Inequality in Germany by Michael Hartmann

(a blog post written by my German friend Guido)

Professor Hartmann

Michael Hartmann is an emeritus professor of Technical University Darmstadt


Social and economic inequality is increasing in Germany faster than in all other developed countries (EU. US, JP, AU, CA, etc.)

Real income (not gross income) has not increased for the average German since the end of the 1990s, and today it has even fallen back to the level of beginning of the 1990s. Most alarming is the increase of income disparity caused by extreme concentration of wealth:

  • +17% for the top 10%,
  • -14 % for the bottom 10%
  • Total: +30% difference in 20 years.

In principle, Germany is still average in terms of the Gini index. However, this does not take into account the TVA and real expenses.

German Socio-Economic Panel (SOEP: Wikipedia page) is widely used for data analysis; however, it has a built-in systematic error. Being a yearly census of households, SOEP eliminates both extremes (the poorest & richest), and therefore, according to SOEP, rich Germans have a yearly income of 60 million Euros, although they are not even among the 1000 richest Germans!


  • CEO Daimler - Zetsche - € 11Mio/year - 50 times higher than the average salary of an employee
  • BMW shareholders - Quandt/Klatten - € 500 Mio/year - 50 times higher than the salary of the CEO

Germany has the highest concentration of large fortunes next to the US. The only way to leverage is by applying higher taxes on fortune and heritage.

But what really happened was that, although in 1998, the richest 65 Germans paid 48% taxes, in 2005, they paid only 29%. Their tax rate was effectively reduced by 20% (income, fortune, corporate, etc.) and this has happened under a socialist-green government.

Since 2005, the consumer taxes (TVA), mostly affecting the poor, have increased.

Therefore, it is correct to state that the German tax policy has LARGELY contributed to the increase of the inequality. It is, however, said that the globalization is to be blamed.

CEO and top managers, why should they be paid so much?

Argumentation: a thriving economy needs talented CEOs and good executives but top managers go wherever they are better paid (implying, the USA).

This is obviously false because, practically, the mobility of top managers is limited to local markets. Figures are eloquent. From the top 300 enterprises in the US, only 8,5% have foreign top mangers (mostly from CAN, GB, and AUS).

EU countries:

  • GB: 33% (mostly from USA, CAN, AUS, etc.)
  • DE: 14% (mostly from SW, AT)
  • FR: 4%
  • SP: 0%

The factors limiting the access of top managers to foreign markets are culture and language.

Therefore, the immense rise of salaries of CEO in EU is not justifiable by global competition.

Political leadership and social origins

Political "Zeitgeist" (Neo-Liberalism) has an immense influence among political leaders; also, the more “social” political parties (e.g. socialists, greens) are now less and less the emanation of humble social origins but rather represented by a political class that is issued from an elite.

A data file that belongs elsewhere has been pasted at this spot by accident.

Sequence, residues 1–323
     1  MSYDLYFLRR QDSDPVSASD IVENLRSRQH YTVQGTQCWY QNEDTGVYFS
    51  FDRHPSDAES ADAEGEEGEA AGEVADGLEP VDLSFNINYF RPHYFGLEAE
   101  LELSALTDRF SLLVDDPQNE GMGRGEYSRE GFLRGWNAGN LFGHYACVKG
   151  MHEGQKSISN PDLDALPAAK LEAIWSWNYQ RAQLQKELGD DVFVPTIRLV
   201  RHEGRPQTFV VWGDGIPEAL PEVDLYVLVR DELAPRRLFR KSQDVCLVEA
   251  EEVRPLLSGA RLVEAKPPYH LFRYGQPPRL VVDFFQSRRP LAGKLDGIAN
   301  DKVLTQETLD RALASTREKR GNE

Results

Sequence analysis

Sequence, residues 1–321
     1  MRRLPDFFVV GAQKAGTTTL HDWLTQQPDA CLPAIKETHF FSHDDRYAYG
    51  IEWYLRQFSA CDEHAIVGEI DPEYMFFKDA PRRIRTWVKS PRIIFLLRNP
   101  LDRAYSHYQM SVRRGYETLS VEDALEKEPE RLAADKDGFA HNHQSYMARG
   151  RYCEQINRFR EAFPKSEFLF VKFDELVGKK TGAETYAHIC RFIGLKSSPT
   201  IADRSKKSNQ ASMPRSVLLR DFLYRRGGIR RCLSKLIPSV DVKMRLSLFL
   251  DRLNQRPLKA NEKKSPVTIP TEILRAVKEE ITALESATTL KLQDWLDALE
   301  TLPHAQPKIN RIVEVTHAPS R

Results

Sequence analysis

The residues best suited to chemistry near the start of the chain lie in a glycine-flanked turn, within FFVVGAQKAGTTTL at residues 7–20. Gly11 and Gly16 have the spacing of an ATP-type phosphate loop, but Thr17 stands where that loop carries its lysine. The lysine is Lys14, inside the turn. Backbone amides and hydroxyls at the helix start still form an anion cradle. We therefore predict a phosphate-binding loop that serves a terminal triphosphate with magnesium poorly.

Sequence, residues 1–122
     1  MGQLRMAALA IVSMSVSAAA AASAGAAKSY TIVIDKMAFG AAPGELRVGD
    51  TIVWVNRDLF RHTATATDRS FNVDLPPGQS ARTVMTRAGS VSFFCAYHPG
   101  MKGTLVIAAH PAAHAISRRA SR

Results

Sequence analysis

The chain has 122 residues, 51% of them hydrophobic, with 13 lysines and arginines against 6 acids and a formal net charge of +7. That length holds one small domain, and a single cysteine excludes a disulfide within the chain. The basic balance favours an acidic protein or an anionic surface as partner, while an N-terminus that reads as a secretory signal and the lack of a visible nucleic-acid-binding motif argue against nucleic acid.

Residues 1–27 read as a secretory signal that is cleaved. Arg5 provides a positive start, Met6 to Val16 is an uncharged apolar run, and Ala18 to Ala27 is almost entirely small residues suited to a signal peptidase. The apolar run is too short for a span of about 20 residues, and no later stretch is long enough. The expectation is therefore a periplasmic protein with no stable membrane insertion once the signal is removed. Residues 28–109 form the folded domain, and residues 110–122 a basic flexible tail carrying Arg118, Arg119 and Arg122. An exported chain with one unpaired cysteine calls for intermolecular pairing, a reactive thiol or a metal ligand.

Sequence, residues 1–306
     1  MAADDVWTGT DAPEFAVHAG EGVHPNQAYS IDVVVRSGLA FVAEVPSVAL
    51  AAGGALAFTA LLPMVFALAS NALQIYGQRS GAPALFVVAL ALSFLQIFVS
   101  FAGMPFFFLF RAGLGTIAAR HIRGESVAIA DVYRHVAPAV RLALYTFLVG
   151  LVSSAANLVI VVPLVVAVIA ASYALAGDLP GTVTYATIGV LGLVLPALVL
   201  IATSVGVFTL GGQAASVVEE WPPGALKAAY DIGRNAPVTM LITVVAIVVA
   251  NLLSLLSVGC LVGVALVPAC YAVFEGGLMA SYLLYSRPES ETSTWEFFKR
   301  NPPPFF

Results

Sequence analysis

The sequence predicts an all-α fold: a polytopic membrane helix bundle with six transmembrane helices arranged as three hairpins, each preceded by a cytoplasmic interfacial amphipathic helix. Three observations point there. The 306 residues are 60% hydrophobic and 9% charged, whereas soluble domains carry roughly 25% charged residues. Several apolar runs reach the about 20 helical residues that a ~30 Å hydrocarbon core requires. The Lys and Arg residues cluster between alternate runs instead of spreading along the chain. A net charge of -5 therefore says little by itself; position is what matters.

Study conducted in 2012 in Germany (300 out of 1000 solicited important persons in high power public positions (ministers, state secretaries, high court judges, generals, etc. were interviewed in detail) has shown that:

  • The richer the origins, the least problematic inequality is perceived;
  • The richer the origins, the more likely the taxation of the rich are rejected;
  • And also, revolving door between private economy and public office are considered as a normal common practice.


  1. Current political system will not reverse the trends, but is more likely to make things worse.
  2. Only huge pressure from the public can have any impact, if at all.

Published work

  • „Der Mythos von den Leistungseliten“, Frankfurt a. M. 2002 - link on Amazon
  • „Elitesoziologie“, Frankfurt a. M. 2004; „Sociology of Elites“, London 2006 - link on Amazon
  • „Eliten und Macht in Europa“, Frankfurt a. M. 2007 - link on Amazon
  • „Soziale Ungleichheit – Kein Thema für die Eliten?“ Frankfurt a. M. 2013 - link on Amazon
  • „Die globale Wirtschaftselite: Eine Legende“. Campus Verlag 2016 - link on Amazon


Inequality in Germany

Sadly, this is the case in most countries. As you pointed out, the rich get richer as they are able - with their resources - to navigate the complex taxation laws. I must add that, at the end of the day, it's people on fixed middle-range income who have less money to spend for their food and other necessities. In some countries (such as in France), those who have inherited properties but do not have cash enough to feed themselves a lifetime without having to work must sell to survive and pay the taxes. I know of a man who had to leave his job in another city to care for his sick mother. After she died, he had to sell the house he had inherited to pay for the inheritance tax. Now, he lives in a rented modest apartment.


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